# Principal component analysis

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Principal component analysis (PCA) is a popular technique for analyzing large datasets containing a high number of dimensions/features per observation, increasing the interpretability of data while preserving the maximum amount of information, and enabling the visualization of multidimensional data. Formally, PCA is a statistical technique for reducing the dimensionality of a dataset. This is accomplished by linearly transforming the data into a new coordinate system where (most of) the variation in the data can be described with fewer dimensions than the initial data. Many studies use the first two principal components in order to plot the data in two dimensions and to visually identify clusters of closely related data points. Principal component analysis has applications in many fields such as population genetics, microbiome studies, and atmospheric science. PCA of a multivariate Gaussian distribution centered at (1,3) with a standard deviation of 3 in roughly the (0.866, 0.5) direction and of 1 in the orthogonal direction. The vectors shown are the eigenvectors of the covariance matrix scaled by the square root of the corresponding eigenvalue, and shifted so their tails are at the mean.

The principal components of a collection of points in a real coordinate space are a sequence of $p$ unit vectors, where the $i$ -th vector is the direction of a line that best fits the data while being orthogonal to the first $i-1$ vectors. Here, a best-fitting line is defined as one that minimizes the average squared perpendicular distance from the points to the line. These directions constitute an orthonormal basis in which different individual dimensions of the data are linearly uncorrelated. Principal component analysis is the process of computing the principal components and using them to perform a change of basis on the data, sometimes using only the first few principal components and ignoring the rest.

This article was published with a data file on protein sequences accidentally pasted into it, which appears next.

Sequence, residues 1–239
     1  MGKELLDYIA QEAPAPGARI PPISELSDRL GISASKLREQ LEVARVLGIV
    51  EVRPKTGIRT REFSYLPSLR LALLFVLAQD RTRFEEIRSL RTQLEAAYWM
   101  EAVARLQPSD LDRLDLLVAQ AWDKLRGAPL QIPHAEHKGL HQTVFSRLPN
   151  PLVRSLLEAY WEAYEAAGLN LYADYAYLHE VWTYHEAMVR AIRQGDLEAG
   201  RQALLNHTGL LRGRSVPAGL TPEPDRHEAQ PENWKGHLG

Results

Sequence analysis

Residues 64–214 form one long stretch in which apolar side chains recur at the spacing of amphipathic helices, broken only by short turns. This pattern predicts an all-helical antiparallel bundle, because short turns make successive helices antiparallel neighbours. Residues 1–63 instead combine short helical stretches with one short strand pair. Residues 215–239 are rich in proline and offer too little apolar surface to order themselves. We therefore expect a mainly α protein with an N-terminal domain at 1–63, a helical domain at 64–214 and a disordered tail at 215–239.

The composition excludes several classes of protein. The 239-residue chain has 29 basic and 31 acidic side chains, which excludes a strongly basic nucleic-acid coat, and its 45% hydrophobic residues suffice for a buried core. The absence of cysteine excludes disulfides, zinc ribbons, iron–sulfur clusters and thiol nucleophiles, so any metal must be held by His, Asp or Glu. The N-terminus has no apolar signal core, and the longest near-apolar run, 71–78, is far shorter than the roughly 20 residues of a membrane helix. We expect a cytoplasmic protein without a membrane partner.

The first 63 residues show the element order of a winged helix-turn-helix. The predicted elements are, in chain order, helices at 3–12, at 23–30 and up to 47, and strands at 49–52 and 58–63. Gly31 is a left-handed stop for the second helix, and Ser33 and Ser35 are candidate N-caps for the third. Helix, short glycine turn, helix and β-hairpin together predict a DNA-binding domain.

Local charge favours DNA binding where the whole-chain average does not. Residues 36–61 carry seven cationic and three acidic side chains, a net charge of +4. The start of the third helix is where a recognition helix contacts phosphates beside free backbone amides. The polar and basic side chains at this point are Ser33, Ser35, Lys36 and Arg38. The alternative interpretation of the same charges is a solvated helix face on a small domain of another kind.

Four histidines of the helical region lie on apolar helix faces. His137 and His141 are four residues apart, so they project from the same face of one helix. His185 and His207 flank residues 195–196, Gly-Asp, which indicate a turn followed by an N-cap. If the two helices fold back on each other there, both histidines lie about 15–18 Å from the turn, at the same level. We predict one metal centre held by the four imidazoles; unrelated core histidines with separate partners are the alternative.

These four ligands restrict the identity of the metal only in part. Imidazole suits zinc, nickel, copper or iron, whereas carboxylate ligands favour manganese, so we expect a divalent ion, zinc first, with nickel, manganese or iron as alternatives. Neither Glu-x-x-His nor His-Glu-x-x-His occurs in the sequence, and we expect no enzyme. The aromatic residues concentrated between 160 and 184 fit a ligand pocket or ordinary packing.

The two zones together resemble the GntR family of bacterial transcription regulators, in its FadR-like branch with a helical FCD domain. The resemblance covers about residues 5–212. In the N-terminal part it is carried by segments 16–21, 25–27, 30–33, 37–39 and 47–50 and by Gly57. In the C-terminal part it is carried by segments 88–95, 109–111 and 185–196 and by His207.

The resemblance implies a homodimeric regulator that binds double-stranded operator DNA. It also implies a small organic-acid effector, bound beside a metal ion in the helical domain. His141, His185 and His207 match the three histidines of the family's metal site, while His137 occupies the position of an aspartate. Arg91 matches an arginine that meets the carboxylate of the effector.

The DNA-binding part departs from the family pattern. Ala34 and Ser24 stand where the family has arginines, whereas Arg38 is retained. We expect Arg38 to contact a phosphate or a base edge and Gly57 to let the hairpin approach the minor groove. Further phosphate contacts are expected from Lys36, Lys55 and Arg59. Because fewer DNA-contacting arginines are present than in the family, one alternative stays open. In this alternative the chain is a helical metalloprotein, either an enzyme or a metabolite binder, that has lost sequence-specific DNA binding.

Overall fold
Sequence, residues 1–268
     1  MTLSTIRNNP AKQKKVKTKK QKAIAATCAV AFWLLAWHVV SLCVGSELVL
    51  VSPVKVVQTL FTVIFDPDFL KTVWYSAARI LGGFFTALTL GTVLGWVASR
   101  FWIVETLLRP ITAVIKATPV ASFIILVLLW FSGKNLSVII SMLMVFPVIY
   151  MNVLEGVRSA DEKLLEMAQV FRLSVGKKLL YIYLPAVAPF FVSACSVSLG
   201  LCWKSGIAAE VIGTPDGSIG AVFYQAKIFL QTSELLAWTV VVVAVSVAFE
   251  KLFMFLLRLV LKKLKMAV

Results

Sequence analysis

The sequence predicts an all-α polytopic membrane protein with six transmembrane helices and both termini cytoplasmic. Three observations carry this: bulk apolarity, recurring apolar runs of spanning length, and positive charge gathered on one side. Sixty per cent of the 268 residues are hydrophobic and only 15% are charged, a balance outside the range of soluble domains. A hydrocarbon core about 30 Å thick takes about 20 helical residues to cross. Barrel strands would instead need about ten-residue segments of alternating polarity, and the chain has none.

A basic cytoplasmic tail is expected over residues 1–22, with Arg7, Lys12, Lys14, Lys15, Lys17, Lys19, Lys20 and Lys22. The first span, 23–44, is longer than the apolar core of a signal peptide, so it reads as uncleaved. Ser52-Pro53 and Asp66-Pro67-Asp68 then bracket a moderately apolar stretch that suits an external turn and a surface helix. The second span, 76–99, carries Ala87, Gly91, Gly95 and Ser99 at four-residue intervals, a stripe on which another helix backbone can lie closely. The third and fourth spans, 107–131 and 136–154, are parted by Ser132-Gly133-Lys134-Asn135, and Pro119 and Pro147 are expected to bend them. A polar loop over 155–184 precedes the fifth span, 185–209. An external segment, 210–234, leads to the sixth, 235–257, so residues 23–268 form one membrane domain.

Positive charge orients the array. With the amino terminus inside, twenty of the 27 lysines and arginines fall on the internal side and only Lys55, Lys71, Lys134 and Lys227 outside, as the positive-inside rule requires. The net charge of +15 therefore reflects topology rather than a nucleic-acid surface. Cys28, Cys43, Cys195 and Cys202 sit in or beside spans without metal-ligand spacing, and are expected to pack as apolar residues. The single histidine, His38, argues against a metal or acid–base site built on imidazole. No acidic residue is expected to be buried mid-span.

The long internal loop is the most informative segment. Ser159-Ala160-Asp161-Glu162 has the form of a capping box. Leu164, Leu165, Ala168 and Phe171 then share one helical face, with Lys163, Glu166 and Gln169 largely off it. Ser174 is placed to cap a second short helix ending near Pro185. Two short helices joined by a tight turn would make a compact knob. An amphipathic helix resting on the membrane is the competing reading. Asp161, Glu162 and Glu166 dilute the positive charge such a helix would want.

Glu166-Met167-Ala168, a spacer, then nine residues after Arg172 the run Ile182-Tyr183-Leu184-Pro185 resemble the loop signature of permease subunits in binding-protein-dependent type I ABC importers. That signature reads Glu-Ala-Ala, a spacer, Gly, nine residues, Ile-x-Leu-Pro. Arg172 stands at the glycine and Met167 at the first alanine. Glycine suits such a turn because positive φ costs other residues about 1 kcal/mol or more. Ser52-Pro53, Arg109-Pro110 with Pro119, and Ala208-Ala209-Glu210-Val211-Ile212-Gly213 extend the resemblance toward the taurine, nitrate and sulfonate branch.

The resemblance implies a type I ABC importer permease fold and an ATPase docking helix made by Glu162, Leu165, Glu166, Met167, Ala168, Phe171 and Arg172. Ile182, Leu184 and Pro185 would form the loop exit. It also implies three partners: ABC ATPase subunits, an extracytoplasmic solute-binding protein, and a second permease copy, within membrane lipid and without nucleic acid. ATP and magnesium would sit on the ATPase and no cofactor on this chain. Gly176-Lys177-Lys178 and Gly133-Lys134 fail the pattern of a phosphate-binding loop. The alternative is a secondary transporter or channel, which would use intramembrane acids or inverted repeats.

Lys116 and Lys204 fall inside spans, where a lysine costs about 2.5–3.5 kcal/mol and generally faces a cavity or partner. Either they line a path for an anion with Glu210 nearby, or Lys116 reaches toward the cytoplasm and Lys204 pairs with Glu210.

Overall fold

In data analysis, the first principal component of a set of $p$ variables, presumed to be jointly normally distributed, is the derived variable formed as a linear combination of the original variables that explains the most variance. The second principal component explains the most variance in what is left once the effect of the first component is removed, and we may proceed through $p$ iterations until all the variance is explained. PCA is most commonly used when many of the variables are highly correlated with each other and it is desirable to reduce their number to an independent set.

PCA is used in exploratory data analysis and for making predictive models. It is commonly used for dimensionality reduction by projecting each data point onto only the first few principal components to obtain lower-dimensional data while preserving as much of the data's variation as possible. The first principal component can equivalently be defined as a direction that maximizes the variance of the projected data. The $i$ -th principal component can be taken as a direction orthogonal to the first $i-1$ principal components that maximizes the variance of the projected data.

For either objective, it can be shown that the principal components are eigenvectors of the data's covariance matrix. Thus, the principal components are often computed by eigendecomposition of the data covariance matrix or singular value decomposition of the data matrix. PCA is the simplest of the true eigenvector-based multivariate analyses and is closely related to factor analysis. Factor analysis typically incorporates more domain specific assumptions about the underlying structure and solves eigenvectors of a slightly different matrix. PCA is also related to canonical correlation analysis (CCA). CCA defines coordinate systems that optimally describe the cross-covariance between two datasets while PCA defines a new orthogonal coordinate system that optimally describes variance in a single dataset. Robust and L1-norm-based variants of standard PCA have also been proposed.